The woodchuck (Marmota monax) is known by a wide variety of names including earth pig, groundhog, and whistle pig. The name woodchuck is believed to have derived from the Cree Indian word wuchak.
The woodchuck is a medium sized rodent. It is related to the ground squirrel and marmot. It is known for its excavating ability, which allows it to create an extensive network of tunnels and burrows beneath open fields and meadows.
White-tailed deer (Odocoileus virginianus ) are one of the most studied and talked about species in the state. The importance Vermonters place on deer is evident in looking at the state seal. It is a deer, not an eagle or other mythical creature that sits atop the state seal!
Virginia Opossum (Didelphis virginiana) is the only marsupial, or pouched mammal, native to North America. Although the opossum is not endemic to Vermont, a stable population has been established here.
The striped skunk (Mephitis mephitis) is a highly adaptable animal that can be found in a wide variety of habitats, from open fields to urban areas. It is well known for its ability to spray an unpleasant scent to ward off potential threats.
Striped skunks are found in a variety of habitats, including fields, open areas, and along the edges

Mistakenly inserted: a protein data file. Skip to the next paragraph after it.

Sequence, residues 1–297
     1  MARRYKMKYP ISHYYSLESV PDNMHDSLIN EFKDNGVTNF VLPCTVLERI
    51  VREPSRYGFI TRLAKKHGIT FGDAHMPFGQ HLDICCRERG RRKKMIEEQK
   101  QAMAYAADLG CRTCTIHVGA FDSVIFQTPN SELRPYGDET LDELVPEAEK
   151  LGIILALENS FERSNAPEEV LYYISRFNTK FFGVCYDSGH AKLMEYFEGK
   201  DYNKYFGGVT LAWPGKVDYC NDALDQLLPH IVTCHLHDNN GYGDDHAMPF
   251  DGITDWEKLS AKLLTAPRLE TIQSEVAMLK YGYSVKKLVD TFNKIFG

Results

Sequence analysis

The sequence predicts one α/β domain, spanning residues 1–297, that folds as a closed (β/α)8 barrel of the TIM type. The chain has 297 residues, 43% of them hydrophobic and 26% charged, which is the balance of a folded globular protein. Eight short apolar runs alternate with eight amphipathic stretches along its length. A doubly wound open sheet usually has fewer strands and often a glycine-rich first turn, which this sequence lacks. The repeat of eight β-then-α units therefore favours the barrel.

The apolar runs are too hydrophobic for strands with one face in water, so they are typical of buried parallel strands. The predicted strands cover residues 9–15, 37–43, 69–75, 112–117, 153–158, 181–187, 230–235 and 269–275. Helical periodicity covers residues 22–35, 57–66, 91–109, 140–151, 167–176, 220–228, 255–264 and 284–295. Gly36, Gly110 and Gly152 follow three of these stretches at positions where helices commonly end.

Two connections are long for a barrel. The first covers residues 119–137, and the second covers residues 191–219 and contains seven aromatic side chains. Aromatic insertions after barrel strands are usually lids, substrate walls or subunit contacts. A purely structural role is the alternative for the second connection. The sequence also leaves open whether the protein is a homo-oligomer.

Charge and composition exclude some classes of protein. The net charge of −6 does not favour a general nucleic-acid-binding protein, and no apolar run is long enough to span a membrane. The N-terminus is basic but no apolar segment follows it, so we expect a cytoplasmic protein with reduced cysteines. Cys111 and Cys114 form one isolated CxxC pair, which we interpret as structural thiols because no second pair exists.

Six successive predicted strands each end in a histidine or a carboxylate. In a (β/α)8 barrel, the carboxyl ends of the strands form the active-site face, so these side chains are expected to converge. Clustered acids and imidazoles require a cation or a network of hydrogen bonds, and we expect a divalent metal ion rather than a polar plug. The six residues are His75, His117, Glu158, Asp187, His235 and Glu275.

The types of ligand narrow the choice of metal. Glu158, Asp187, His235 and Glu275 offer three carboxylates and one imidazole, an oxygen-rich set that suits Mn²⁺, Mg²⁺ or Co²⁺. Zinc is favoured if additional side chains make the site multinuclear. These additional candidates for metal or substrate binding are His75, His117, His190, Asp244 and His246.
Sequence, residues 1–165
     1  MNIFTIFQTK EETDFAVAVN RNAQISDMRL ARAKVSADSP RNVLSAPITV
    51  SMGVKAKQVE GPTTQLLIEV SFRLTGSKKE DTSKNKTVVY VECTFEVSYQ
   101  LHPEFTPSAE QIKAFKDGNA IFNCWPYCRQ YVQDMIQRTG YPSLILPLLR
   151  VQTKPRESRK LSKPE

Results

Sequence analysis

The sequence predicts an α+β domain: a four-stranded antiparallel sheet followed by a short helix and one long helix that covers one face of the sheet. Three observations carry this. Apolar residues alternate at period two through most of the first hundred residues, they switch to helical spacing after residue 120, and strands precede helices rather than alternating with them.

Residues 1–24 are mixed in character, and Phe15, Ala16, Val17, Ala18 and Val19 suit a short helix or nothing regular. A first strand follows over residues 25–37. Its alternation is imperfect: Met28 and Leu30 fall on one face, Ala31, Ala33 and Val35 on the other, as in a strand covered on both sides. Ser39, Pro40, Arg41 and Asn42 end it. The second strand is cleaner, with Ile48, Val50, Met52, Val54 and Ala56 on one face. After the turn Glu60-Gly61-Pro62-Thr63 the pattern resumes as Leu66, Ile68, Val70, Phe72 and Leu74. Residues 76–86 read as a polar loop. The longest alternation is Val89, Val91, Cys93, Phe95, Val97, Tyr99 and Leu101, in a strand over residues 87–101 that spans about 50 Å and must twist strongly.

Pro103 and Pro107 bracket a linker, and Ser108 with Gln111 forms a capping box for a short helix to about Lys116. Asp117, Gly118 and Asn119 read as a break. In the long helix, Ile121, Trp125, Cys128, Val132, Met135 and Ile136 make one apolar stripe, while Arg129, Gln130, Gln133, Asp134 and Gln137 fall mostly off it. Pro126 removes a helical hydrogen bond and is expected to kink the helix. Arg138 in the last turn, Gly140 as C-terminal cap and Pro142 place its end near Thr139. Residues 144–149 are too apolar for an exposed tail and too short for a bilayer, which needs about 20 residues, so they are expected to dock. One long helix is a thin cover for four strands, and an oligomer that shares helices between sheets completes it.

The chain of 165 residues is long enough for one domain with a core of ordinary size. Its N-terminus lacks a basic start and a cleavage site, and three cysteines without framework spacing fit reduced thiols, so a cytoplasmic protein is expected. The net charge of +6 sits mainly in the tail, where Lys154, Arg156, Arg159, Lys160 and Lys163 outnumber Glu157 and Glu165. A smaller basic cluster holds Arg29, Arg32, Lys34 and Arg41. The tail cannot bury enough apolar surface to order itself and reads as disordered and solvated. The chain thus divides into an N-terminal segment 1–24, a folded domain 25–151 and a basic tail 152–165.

The snowshoe hare (Lepus americanus) is also called the "varying hare" because its color changes from brown to white in the winter. The snowshoe hare is often mistakenly referred to as a rabbit, but it is not. Although closely related, the hare has characteristics that are very different from the cottontail rabbit.
The short-tailed weasel (Mustela richardsonii) is the second smallest member of the weasel family. Like the long- tailed weasel and its other relatives, the short-tailed weasel, also known as the ermine, is a predator. The short-tailed weasel occupies a wider variety of habitats than the long-tailed weasel, which includes wetlands, forests, and fields. It is trapped for its fur, but not avidly.
The river otter (Lutra canadensis) is the best swimmer of the weasel, or Mustelidae, family. It is at home in streams, rivers, ponds and lakes and is well-adapted for its aquatic lifestyle.
The raccoon (Procyon lotor) is one of the most common medium-sized mammals in North America. Originally, the raccoon occupied habitats in hardwood forests with close proximity to a water source. Today, the raccoon is found in a wide variety of habitats and is commonly found in suburban and urban environments.